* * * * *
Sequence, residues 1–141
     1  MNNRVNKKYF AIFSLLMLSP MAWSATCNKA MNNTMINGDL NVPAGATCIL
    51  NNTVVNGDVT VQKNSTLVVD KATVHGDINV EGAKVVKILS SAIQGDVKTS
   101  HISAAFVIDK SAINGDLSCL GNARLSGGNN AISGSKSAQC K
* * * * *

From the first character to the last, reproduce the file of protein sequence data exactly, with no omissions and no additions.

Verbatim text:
Sequence, residues 1–141
     1  MNNRVNKKYF AIFSLLMLSP MAWSATCNKA MNNTMINGDL NVPAGATCIL
    51  NNTVVNGDVT VQKNSTLVVD KATVHGDINV EGAKVVKILS SAIQGDVKTS
   101  HISAAFVIDK SAINGDLSCL GNARLSGGNN AISGSKSAQC K